The city’s planning staff has also recommended that the BNA zoning for the office building (just north of the Woodlands) and for the Fire Station also be changed to PRA 2.4.The staff’s rationale is that these properties, which front on Holmes Point Drive are not suitable for retail shops.

 

Another option presented by the planning staff is to leave the BNA zoning in place but to remove the requirement for retail space with respect to these properties on the west side of Juanita Drive.

 

What it means: The proposed zoning changes do not represent an upzoning. Housing densities will not be increased. However, by removing the retail space requirement – which Howard and city planners believe is impracticable for the 4 properties under consideration – the rezoning does appear to make it more likely that multi-family housing will be constructed in the foreseeable future, at least on the Howard properties.

 

Issues: The rezoning proposal raises a variety of issues. Can Juanita Drive accommodate the additional traffic that multi-family housing will generate? Does the potential for traffic impact matter with respect to the proposed rezoning, given that it doesn’t increase potential housing densities above what current zoning permits? Should the property owners be required to fund improvements to the Juanita Drive/Holmes Point Drive/122nd Street intersections so that retail development might be commercially feasible – or would such development be inappropriate and economically unfeasible? Should zoning changes be restricted to the Howard parcels, rather than be applied to all 4 properties at this time?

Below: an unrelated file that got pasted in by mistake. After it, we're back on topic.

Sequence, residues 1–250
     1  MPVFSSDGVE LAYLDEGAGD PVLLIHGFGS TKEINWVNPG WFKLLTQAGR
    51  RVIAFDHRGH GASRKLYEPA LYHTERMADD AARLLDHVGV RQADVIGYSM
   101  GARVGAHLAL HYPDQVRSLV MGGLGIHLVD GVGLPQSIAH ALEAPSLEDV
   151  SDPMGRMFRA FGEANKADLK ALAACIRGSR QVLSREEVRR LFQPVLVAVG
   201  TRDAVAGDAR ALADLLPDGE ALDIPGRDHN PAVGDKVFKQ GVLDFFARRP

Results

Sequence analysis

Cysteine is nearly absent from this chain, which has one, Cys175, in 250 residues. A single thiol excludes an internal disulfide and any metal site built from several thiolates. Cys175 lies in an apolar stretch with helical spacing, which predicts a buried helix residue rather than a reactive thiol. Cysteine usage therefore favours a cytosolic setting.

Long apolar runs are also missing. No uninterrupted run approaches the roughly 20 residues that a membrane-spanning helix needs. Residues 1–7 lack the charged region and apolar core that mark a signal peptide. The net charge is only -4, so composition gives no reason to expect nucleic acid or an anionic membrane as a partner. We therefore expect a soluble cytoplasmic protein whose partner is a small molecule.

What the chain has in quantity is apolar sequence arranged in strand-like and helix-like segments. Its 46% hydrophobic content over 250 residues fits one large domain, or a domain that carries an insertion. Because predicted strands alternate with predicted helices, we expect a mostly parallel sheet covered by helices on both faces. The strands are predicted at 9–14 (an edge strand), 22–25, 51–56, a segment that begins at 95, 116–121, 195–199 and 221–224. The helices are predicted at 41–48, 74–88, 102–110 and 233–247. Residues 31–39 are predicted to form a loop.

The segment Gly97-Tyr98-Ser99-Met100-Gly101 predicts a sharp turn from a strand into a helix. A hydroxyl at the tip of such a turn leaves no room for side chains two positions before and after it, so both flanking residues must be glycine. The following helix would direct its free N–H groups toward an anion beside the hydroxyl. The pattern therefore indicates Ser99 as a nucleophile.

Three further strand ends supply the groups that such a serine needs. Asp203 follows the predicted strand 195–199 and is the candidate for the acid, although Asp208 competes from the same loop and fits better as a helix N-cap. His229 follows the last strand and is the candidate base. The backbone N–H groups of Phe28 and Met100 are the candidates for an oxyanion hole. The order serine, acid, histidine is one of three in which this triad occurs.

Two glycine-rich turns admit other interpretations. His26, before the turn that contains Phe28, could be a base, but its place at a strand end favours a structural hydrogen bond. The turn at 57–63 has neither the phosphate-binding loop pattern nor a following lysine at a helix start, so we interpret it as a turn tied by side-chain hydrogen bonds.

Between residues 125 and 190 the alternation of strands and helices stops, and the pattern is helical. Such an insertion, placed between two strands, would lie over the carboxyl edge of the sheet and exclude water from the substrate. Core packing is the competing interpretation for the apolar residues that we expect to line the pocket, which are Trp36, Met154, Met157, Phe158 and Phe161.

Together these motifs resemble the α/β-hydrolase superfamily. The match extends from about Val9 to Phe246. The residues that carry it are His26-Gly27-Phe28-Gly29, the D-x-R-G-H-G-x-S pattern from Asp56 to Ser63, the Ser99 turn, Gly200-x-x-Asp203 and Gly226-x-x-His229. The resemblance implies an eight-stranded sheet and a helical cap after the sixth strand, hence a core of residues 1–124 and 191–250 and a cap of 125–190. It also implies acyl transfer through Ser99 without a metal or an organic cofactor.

More fundamentally, should the city consider a moratorium on any zoning changes (even those that are not upzones) until the County’s zoning decisions have been subjected to a thorough review as part of a comprehensive neighborhood plan? Significantly, the Planning Commission originally recommended to the City Council that any consideration of zoning changes be deferred until such a plan is developed. The City Council disagreed, presumably because the city does not have sufficient resources to prepare a Finn Hill neighborhood plan in the near future. It directed the Planning Commission to consider Howard’s request for a zoning change. The Planning Commission and the planning staff are now responding the City Council’s directive.

 

The FHNA board has not taken a position on the specific zoning recommendations that the Planning Commission is reviewing. FHNA will consider submitting comments to the Planning Commission at next month’s public hearing and ultimately to the City Council urging that a neighborhood zoning plan be initiated immediately. We would appreciate hearing your views on the proposed rezoning and on the need to start a comprehensive review of Finn Hill’s zoning designations. In the meantime, if you have views or questions regarding the rezoning, we recommend that you address them to the Planning Commission at Thursday evening’s study session or in emails to the Commissioners in advance of the hearing. You can email the Planning Commissioners at planningcommissioners@kirklandwa.gov.